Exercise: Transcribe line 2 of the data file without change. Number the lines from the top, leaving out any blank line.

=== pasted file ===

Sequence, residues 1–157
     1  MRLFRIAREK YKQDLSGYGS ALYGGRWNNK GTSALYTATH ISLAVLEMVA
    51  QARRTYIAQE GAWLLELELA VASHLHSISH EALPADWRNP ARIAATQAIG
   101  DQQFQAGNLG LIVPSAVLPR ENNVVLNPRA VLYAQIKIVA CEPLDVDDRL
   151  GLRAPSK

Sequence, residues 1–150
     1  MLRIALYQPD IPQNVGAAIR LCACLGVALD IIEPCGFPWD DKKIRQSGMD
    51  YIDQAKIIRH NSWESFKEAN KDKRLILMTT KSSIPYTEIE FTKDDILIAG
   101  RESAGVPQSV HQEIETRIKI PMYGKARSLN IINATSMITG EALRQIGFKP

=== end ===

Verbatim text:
     1  MRLFRIAREK YKQDLSGYGS ALYGGRWNNK GTSALYTATH ISLAVLEMVA